(Constitution of Recording Head)

The constitution of a head cartridge H1000 will be described below. The head cartridge H1000 includes the recording head H1001, means for mounting ink tanks H1900, and means for supplying ink from the ink tanks H1900 to the recording head, and is detachably mounted on the carriage M4000.

FIG. 4 shows how the ink tanks H1900 are mounted on the head cartridge H1000. The recording apparatus forms images by means of yellow, magenta, cyan, black, pale magenta, pale cyan, and green inks, and so the ink tanks H1900 are independently prepared for seven colors. The ink according to the present invention is used for at least one of the above inks. In addition, as shown in the figure, each ink tank is detachable to the head cartridge H1000. The ink tanks H1900 can be detached in such a state that the head cartridge H1000 is mounted on the carriage M4000.

FIG. 5 shows an exploded perspective view of the head cartridge H1000. In the figure, the head cartridge H1000 includes a first recording element substrate H1100, a second recording element substrate H1101, a first plate H1200, a second plate H1400, an electric wiring substrate H1300, a tank holder H1500, a flow path forming member H1600, a filter H1700, and a seal rubber H1800.

Each of the first recording element substrate H1100 and the second recording element substrate H1101 is a Si substrate having multiple recording elements (nozzles) for ejecting ink formed on one side by means of photolithography. Electric wiring made of Al or the like for supplying power to each recording element is formed by means of a film formation technique, and multiple ink flow paths corresponding to the individual recording elements are also formed by means of photolithography. Furthermore, ink supply ports for supplying ink to the multiple ink flow paths are formed so as to open on the rear surface.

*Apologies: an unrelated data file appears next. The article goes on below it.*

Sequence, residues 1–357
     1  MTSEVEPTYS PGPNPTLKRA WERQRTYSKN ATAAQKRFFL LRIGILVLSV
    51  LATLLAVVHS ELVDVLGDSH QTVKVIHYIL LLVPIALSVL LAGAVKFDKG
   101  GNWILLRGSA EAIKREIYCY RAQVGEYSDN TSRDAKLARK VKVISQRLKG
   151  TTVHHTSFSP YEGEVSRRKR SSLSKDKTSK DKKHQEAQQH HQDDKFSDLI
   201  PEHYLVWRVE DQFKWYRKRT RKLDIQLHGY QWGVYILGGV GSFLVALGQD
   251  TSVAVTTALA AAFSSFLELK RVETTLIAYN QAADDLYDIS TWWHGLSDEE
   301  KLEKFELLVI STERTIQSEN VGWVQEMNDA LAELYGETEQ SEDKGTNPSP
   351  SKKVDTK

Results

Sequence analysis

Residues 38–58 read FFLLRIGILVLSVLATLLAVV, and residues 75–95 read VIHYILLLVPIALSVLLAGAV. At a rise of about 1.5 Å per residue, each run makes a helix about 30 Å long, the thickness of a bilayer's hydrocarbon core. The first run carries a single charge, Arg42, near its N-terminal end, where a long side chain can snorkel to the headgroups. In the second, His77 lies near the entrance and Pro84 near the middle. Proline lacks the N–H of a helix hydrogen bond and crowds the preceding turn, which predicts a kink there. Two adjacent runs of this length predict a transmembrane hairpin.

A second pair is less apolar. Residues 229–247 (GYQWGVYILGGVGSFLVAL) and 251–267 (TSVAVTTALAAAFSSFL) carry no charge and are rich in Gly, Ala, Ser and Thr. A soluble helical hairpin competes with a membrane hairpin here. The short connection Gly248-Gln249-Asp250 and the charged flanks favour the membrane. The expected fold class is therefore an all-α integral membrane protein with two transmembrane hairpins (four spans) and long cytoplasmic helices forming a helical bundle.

FIG. 6 is an enlarged front view for explaining the constitution of each of the first recording element substrate H1100 and the second recording element substrate H1101. Reference symbols H2000 to H2600 denote recording element trains (hereinafter referred to also as nozzle trains) corresponding to different ink colors. The first recording element substrate H1100 has nozzle trains for three colors: the nozzle train H2000 to which yellow ink is supplied, the nozzle train H2100 to which magenta ink is supplied, and the nozzle train H2200 to which cyan ink is supplied. The second recording element substrate H1101 has nozzle trains for four colors: the nozzle train H2300 to which pale cyan ink is supplied, the nozzle train H2400 to which black ink is supplied, the nozzle train H2500 to which orange ink is supplied, and the nozzle train H2600 to which pale magenta ink is supplied.

Each nozzle train is constituted by 768 nozzles arranged at intervals of 1,200 dpi (dot/inch; reference value) in the conveying direction of a recording medium, and each nozzle ejects about 2 pl of ink. An opening area in each nozzle ejection port is set to be about 100 μm2. The first recording element substrate H1100 and the second recording element substrate H1101 are bonded and fixed to the first plate H1200 having ink supply ports H1201 formed thereon for supplying ink to the first recording element substrate H1100 and the second recording element substrate H1101.

The second plate H1400 having openings is also bonded and fixed to the first plate H1200. The second plate H1400 holds the electric wiring substrate H1300 in such a manner that the electric wiring substrate H1300, the first recording element substrate H1100, and the second recording element substrate H1101 are electrically connected.

The electric wiring substrate H1300 impresses electrical signals for causing each of the nozzles formed on the first recording element substrate H1100 and the second recording element substrate H1101 to eject ink. The electric wiring substrate H1300 has: electric wiring corresponding to each of the first recording element substrate H1100 and the second recording element substrate H1101; and an external signal input terminal H1301 which is positioned at the end portion of the electric wiring to receive electrical signals from the recording apparatus main body. The external signal input terminal H1301 is positioned and fixed to the back surface side of the tank holder H1500.

The flow path forming member H1600 is fixed by means of, for example, ultrasonic welding to the tank holder H1500 for holding the ink tanks H1900. Thus, an ink flow path H1501 passing from the ink tanks H1900 to the first plate H1200 is formed.